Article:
Report also reveals two in five people had to use their own money to organise deceased’s funeral
A funeral service provider has published research which shows fewer than 20% of people have made funeral plans, which is causing significant stress for family members.
The research, conducted by Everest, published their findings in a report entitled “Dealing with Death”. The study surveyed over 1,000 people across the UK who played a significant roe in organising a funeral for a family member or close friend in the last eight to 24 months. One of their findings was that just 18% of people have made plans for their own funeral, with two in five (39%) having to use their own money to pay for a funeral because the deceased had left no provisions.
It was also revealed that more than a quarter (26%) of those who said the deceased had prepared some funding for their own funeral, were not able to access this money when they needed to settle bills and had to cover the costs out of their own pocket until money was released. More than a third (36%) of respondents found the cost of the funeral to be greater than anticipated. Everest’s data shows that those who pre-arrange their own funeral through a provider (around 15%) reduce the financial impact on their loved ones.
In the UK, the average cost of a basic funeral is around £4,180, according to SunLife. For a third (35%) of those polled by Everest, funeral director and ministerial fees were the most expensive element of planning a final farewell.
Lack of funeral services support
Of those surveyed, many said they felt poorly supported throughout the process of funeral planning – for many of whom dealing with a death was unfamiliar territory. Only half (53%) of those who used a funeral service provider felt that their provider offered enough guidance and necessary information throughout the planning process, and one in six (16%) said they were offered enough support beyond basic logistics. Just one in five were offered out of hours support.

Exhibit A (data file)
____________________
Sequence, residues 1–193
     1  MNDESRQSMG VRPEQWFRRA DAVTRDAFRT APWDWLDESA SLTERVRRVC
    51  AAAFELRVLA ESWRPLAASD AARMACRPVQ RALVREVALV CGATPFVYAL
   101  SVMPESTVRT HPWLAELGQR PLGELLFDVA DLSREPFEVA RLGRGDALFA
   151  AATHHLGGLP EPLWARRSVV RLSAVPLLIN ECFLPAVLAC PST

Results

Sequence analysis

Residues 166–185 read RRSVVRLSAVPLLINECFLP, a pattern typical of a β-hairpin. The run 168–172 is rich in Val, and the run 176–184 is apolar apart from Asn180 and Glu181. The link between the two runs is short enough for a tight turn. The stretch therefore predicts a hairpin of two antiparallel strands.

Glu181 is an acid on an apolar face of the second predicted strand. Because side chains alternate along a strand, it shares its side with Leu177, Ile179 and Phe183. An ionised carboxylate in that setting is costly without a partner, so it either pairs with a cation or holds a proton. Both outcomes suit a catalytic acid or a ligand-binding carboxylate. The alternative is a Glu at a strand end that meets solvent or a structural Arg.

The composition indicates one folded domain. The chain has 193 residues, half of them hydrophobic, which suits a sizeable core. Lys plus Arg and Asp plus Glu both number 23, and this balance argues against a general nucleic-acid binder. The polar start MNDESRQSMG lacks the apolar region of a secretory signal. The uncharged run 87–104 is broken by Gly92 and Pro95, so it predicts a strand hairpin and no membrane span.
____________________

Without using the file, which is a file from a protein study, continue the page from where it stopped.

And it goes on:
Death and funerals remain taboo topics
For people who have had to recently organise the funeral arrangements and associated paperwork, there is a determination not to put their loved ones through the same experience as a result of their death. 2 in 3 (66%) say they don’t want their funeral to be a burden for their loved ones and nearly three in five (57%) don’t want them to deal with financial challenges due to their funeral.
Part of the issue is a void of communication around the subject of death. Despite their often gruelling experience of organising a funeral, fewer than one in five (18%) have discussed funeral planning with their family and friends. A significant majority bemoan the lack of planning and transparency, with two in three (68%) wishing the topic was not such a taboo.
This lack of discussion impacts the time it takes for people to organise funerals and death administration. Half (54%) of the people saw some aspect of their daily lives impacted by the organisation of the funeral, and two in five (36%) admit that it left little time to grieve properly.
Commenting on the findings, Mark Wood, Chairman of Everest UK, said:
“For most of us, organising a funeral will be a source of financial and emotional stress, with planning becoming a full-time job in the weeks between someone’s death and the funeral. People deserve more support. We know that providing price transparency, assistance with funeral service provider selection, and help to organise the whole service is hugely valued and something we are here in the UK to assist with. The practicalities of dealing with death cannot be allowed to crowd out the time to grieve.
There is also a broader societal issue at play which prevents better preparation for when the inevitable happens. The reluctance to discuss death and funeral arrangements speaks to the ultimate taboo topic – our mortality. However, we know that those who make provisions and discuss their funeral wishes relieve the burden on the loved ones they leave behind. It’s time to scrap the euphemisms, look death squarely in the face and plan ahead, for the benefit of next of kin.”